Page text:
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The House will spend the week of April 14 debating legislation to jump-start the struggling housing sector, as well as other bills to expand federal student loans and provide debt relief for developing countries.

Majority Leader Steny Hoyer (D-Md.) said last week that although it has yet to be marked up, he hopes to bring up the Iraq supplemental spending bill to the floor by the end of April or early May. Despite President Bush’s veto threat, Democats may or may not look to attach their domestic spending priorities to the war legislation.

A vote is expected as early as Tuesday on the Taxpayer Assistance and Simplification Act, which includes $11 billion in housing tax credits and deductions in a first step toward the House’s effort to produce an economic stimulus package for the housing sector.

The bill’s most hotly debated provision would end an Internal Revenue Service program that hires private contractors to collect tax debt. The provision has passed the House before, but has been opposed by the Senate.

Lawmakers will also consider bipartisan legislation that would increase the amount of federally backed student loans at a time when some private lenders have offered fewer education loans due to the economic downturn.

The bill, known as the Ensuring Continued Access to Student Loans Act, would increase from $3,500 to $5,500 the limit on certain Stafford loans. It would also increase the total amount a student can borrow to $31,000 for dependent undergraduates and to $57,500 for independent undergraduates.

Other bills on tap include the Jubilee Act for Responsible Lending and Expanded Debt Collection, which would permit 24 developing nations to receive debt cancellations from the United States. The measure would waive up to $30 billion in debt in an effort to free up resources for social, economic and political reforms in those countries.

The bill has broad bipartisan support, including that of House Financial Services Committee ranking member Spencer Bachus (R-Ala.), who has described the debt relief program as “one of the most successful things this Congress has done.”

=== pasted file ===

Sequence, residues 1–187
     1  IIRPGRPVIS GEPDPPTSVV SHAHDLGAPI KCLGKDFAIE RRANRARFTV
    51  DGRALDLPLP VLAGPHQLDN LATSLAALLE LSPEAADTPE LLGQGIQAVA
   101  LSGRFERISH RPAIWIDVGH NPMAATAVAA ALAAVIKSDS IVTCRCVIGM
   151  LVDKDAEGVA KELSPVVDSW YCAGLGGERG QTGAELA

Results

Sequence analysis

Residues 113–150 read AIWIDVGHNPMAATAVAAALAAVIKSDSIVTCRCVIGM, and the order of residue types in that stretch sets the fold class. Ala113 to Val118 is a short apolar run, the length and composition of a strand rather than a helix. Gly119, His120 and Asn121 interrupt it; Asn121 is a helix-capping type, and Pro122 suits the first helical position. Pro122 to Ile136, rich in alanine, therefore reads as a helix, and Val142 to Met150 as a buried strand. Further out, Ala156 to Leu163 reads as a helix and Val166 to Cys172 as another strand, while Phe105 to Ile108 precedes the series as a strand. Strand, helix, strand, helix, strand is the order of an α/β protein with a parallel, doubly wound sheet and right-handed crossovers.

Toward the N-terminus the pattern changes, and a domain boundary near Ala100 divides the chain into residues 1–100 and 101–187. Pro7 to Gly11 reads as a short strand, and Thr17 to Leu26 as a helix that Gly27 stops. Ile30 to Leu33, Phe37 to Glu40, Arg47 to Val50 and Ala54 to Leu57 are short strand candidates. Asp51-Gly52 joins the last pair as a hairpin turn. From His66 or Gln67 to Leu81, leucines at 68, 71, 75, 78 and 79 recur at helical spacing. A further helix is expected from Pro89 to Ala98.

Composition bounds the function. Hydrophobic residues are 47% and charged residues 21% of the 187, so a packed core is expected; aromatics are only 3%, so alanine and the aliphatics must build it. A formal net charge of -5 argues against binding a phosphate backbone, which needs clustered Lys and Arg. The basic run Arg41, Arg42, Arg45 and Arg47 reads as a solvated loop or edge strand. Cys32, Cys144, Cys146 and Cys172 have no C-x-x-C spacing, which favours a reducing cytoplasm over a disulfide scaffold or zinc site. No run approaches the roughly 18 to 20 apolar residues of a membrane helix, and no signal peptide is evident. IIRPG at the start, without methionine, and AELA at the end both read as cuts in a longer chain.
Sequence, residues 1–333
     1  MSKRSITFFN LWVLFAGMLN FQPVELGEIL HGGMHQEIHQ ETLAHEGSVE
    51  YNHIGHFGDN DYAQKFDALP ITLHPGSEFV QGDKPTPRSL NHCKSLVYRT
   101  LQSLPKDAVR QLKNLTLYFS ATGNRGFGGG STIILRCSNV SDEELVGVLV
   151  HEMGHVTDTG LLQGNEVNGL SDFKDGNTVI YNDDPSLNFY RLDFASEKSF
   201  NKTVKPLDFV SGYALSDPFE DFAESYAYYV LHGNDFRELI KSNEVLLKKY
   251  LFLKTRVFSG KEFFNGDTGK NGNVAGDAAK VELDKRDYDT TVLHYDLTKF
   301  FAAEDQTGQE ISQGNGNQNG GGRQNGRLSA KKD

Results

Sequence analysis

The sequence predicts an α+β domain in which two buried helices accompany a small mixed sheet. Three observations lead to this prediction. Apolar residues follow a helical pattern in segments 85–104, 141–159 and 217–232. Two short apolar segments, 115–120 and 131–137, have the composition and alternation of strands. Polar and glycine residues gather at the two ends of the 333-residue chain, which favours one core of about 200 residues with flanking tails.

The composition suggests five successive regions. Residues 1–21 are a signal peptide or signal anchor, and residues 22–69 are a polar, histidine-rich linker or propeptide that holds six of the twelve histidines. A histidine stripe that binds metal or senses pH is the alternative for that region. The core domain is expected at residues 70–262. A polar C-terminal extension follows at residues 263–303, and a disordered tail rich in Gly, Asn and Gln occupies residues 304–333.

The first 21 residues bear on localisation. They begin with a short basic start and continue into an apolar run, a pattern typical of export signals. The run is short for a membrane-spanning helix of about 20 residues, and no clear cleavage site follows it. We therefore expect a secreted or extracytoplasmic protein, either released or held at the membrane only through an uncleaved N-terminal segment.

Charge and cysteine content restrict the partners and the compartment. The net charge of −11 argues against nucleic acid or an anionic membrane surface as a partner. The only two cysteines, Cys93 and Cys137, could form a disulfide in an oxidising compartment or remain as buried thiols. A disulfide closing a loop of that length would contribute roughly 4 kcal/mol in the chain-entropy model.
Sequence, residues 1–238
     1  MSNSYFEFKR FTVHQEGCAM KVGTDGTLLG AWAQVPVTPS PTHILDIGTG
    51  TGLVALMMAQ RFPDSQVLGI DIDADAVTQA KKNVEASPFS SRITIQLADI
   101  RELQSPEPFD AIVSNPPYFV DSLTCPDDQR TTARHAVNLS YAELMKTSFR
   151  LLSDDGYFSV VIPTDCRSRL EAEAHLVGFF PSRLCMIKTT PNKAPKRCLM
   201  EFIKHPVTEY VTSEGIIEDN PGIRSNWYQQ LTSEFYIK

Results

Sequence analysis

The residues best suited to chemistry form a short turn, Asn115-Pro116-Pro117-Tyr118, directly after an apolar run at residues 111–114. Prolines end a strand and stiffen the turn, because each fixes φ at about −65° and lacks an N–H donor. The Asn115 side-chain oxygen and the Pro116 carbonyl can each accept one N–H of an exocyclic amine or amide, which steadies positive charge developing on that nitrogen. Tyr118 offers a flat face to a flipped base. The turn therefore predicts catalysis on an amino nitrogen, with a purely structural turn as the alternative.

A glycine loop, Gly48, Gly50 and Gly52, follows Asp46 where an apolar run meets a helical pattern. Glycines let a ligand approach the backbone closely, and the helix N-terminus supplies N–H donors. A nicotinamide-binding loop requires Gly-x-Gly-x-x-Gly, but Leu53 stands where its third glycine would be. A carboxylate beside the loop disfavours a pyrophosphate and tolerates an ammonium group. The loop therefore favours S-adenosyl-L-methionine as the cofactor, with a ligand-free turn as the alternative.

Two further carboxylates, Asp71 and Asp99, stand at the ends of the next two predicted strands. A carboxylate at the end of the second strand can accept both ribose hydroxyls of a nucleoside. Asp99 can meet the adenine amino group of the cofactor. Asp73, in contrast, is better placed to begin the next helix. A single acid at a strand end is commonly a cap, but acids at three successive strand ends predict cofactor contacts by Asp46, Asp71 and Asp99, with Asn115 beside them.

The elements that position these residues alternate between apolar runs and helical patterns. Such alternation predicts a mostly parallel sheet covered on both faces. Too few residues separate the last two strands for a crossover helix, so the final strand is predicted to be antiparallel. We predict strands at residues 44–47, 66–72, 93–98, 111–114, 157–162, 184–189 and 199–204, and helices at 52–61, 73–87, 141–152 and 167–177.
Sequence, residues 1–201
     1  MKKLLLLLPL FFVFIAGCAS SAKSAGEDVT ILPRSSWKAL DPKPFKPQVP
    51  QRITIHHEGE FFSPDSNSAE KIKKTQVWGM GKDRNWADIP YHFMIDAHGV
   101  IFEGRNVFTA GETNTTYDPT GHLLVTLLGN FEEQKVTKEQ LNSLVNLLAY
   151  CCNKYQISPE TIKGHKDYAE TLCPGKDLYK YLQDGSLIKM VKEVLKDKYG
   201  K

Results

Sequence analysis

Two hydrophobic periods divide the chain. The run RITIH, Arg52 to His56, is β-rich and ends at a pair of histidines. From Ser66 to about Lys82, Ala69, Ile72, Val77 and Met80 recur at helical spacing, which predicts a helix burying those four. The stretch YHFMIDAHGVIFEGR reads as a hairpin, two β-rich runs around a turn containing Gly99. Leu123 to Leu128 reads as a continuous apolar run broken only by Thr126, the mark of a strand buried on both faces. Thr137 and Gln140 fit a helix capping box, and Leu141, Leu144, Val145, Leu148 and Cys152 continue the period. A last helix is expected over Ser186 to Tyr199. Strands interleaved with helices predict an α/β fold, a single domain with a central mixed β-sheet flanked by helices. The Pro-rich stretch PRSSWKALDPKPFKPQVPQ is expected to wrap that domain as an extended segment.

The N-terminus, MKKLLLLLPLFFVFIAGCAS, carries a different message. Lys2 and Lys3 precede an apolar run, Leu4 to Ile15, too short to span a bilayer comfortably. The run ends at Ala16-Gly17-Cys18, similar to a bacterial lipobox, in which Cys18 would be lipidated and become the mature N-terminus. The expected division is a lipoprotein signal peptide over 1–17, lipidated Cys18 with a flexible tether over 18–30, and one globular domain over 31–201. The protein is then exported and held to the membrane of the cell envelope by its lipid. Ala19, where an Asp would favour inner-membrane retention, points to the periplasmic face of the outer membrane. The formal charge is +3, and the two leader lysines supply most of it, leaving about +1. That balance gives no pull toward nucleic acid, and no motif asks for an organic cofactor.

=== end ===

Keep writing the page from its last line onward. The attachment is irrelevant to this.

Lawmakers will also resume debate on the Federal Water Pollution Control Act relating to beach monitoring, which Hoyer (Md.) said he expects to pass with “overwhelming numbers” when it comes up for final passage.

In response to GOP questions about the timing of the Iraq supplemental spending bill, Hoyer said he is still hopeful it can reach the floor by the end of April or in early May, and possibly with other provisions attached to it.

“Obviously, it has not been marked up in committee,” Hoyer said.

And while Democratic leaders may be in discussions to attach domestic spending provisions to the bill, “I would not want to preclude that effort” by saying what they are planning, Hoyer said.

Earlier this week, President Bush threatened to veto the war-spending bill if it includes unrelated spending, a threat that Hoyer said was not “particularly useful.”

It tells Congress, “What I propose you take, or we’ll leave it. We’ll not do anything other,” said the Majority Leader. “I don’t want to commit us to simply doing exactly what the president asks, or apparently thinks he can tell us to do. We don’t think that is the process.”

House GOP Whip Roy Blunt (R-Mo.) said Republicans are willing to work on domestic spending issues in separate legislation, but that the war supplemental bill should be kept clean.

“The view on this side of the House” is that “we don’t have to use the troop-funding” bill to advance other issues relating to education and jobs, he said.

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